Museum Mosaic – Summer 2003

People, Places, Projects

Originally Published in 2003

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Gladiators from the Ludus Magnus Gladiatorial School demonstrated gladiatorial fighting styles in the Museum's Courtyard arena.
Gladiators from the Ludus Magnus Gladiatorial School demonstrated gladiatorial fighting styles in the Museum’s Courtyard arena.

Opening of new Classical galleries is cause for celebration: Visitors lined up on South Street before the Museum gates opened on Sunday, March 16, 2003, to celebrate the grand opening of the new classical exhibition, Worlds Intertwined: Etruscans, Greeks, and Romans. By the end of the day, around 4,000 people had visited the gal­leries and joined in the fun. Singing and dancing troupes represented the Italian and Greek communities. Visi­tors enjoyed theater in the galleries; demonstrations of glassblowing, topiary art, pasta and mosaic making; children’s activities; a pre­sentation of ancient Greek athletics; and a fashion show of ancient cos­tumes. Gladiators battled in the Stoner Courtyard, surrounded by an en­campment of two legions of Roman soldiers reenacting aspects of military life in the Roman Empire. It was unforgettable — the largest single-day attendance in Museum history.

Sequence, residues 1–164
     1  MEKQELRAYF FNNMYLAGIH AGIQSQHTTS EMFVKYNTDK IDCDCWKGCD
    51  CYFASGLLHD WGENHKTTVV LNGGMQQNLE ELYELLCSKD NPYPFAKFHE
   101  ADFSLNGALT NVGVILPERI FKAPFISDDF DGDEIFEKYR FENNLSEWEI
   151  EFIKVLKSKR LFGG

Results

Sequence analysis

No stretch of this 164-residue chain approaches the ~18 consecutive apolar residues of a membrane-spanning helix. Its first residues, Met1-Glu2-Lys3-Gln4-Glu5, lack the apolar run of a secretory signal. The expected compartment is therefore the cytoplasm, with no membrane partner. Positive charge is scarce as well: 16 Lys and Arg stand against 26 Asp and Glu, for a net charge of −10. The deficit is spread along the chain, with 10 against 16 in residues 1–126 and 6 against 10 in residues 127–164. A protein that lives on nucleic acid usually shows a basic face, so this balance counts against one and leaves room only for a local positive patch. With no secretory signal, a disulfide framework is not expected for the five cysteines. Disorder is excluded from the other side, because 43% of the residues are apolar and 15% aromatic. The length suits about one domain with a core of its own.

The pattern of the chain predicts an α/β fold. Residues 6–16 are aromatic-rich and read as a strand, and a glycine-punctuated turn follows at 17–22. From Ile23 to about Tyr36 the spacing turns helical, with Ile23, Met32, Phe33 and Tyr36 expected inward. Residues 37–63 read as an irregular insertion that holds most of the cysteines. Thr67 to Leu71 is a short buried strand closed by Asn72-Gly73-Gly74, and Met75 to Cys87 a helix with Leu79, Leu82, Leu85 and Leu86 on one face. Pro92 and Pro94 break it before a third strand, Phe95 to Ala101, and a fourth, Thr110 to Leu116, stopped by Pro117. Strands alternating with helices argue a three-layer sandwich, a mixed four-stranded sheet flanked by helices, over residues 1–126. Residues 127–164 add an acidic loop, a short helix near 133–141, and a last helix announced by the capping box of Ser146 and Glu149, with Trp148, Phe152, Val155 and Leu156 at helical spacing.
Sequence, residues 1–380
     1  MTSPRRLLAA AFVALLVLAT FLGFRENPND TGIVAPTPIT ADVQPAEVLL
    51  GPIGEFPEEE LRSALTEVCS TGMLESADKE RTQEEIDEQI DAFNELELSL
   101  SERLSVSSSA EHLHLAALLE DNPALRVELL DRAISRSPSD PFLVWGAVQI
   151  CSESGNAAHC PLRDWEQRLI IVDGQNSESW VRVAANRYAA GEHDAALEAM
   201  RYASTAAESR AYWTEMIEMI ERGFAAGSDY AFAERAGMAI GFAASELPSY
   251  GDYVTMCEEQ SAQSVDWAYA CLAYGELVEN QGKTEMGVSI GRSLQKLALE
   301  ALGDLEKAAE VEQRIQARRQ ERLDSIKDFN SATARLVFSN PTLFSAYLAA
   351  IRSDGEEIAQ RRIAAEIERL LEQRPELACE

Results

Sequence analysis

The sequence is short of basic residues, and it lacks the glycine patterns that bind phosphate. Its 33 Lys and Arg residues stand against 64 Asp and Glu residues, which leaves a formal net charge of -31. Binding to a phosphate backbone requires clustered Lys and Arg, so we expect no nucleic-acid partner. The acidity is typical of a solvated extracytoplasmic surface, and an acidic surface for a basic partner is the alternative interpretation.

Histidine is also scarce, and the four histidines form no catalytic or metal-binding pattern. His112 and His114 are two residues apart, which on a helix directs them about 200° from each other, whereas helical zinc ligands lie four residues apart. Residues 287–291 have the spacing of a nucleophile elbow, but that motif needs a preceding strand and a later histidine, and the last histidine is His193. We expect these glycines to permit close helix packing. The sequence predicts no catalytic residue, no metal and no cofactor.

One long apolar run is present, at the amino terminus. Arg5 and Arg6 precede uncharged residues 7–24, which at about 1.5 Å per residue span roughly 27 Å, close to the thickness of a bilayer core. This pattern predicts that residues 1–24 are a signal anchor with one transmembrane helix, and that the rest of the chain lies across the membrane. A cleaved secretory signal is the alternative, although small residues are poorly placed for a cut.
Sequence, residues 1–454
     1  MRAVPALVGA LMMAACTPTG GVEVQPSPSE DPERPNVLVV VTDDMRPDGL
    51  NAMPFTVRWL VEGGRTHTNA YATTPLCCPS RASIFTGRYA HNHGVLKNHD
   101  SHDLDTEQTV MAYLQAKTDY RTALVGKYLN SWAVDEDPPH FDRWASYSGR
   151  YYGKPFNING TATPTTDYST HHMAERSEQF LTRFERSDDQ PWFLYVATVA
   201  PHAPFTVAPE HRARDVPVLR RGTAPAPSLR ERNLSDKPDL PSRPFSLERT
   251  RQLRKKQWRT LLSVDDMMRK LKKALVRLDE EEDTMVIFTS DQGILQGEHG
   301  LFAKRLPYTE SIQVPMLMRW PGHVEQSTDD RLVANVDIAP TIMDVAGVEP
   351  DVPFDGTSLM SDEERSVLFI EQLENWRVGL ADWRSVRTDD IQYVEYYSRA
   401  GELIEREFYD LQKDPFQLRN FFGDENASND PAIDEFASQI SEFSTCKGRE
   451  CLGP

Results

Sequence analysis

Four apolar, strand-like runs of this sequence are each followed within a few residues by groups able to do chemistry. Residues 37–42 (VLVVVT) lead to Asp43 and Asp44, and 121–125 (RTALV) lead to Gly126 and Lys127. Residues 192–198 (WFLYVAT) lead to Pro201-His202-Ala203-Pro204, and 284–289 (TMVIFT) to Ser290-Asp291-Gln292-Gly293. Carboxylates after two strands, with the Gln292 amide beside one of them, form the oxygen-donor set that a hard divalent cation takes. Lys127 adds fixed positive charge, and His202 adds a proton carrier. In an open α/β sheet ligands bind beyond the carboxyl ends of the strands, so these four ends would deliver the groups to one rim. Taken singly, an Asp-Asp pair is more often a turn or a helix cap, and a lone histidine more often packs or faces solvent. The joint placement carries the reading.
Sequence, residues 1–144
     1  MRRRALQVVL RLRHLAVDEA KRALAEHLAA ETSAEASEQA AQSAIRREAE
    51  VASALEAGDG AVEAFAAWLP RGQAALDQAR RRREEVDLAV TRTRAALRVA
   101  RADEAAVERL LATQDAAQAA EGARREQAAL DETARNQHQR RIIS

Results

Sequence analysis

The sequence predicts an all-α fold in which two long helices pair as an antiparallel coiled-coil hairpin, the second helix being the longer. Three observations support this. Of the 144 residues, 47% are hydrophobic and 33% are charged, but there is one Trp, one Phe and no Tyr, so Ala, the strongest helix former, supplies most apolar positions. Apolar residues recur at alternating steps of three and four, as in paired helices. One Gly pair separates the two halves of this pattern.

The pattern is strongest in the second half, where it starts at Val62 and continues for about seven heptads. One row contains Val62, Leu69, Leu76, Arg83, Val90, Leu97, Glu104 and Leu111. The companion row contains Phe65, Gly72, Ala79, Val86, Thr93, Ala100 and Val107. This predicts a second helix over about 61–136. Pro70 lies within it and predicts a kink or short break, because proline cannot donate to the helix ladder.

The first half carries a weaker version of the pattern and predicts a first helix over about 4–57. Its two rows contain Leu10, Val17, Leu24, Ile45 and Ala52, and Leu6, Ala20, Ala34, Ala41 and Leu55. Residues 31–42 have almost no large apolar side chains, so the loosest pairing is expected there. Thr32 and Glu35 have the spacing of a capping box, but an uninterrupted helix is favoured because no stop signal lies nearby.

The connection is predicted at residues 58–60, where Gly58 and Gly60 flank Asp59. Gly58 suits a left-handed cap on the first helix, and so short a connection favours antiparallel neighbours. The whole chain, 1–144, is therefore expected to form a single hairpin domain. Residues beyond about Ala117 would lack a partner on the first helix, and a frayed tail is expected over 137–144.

Legionnaires from the XX and XXIV Legions of the Roman Imperial Army in North America interacted with the public in a large encampment in the Stoner Courtyard arena.
Legionnaires from the XX and XXIV Legions of the Roman Imperial Army in North America interacted with the public in a large encampment in the Stoner Courtyard arena.

 

Unique Exhibition on Prehistoric Metallurgy Installed in Thailand

In March, as the finishing touches were being applied to the Museum’s splendid new Roman and Etruscan galleries, another installation, on a much smaller scale, was taking place in the King Narai National Museum in Lopburi, Thailand. Drs. Vincent C. Pigott and Judy Voelker — both affil­iated with the Museum Applied Science Center of Archaeology (MASCO) — and Khun Marita Nitata, director of the King Narai Museum, conceived and installed this new exhibit that focuses on copper production at the prehistoric site of Non Pa Wai in central Thailand, ca. 1500 B.C. Sophie Middlebrook and Lindsay Shafer, MASCA research assistants, and Anne Hayward, a MASCA volunteer, assisted with the graphics.

Vincent Pigott, holding the only complete crucible excavated at Non Pa Wai, discusses this unique find with Khun Marita Nitata, director of the King Narai Museum, during the exhibit installation
Vincent Pigott, holding the only complete crucible excavated at Non Pa Wai, discusses this unique find with Khun Marita Nitata, director of the King Narai Museum, during the exhibit installation.

Non Pa Wai has a deep industrial deposit reflecting some 700 years of copper smelting activity. The thousands of tons of slag, and innumerable fragments of ores, crucibles, and molds recovered make Non Pa Wai among the largest copper smelting sites anywhere in Asia.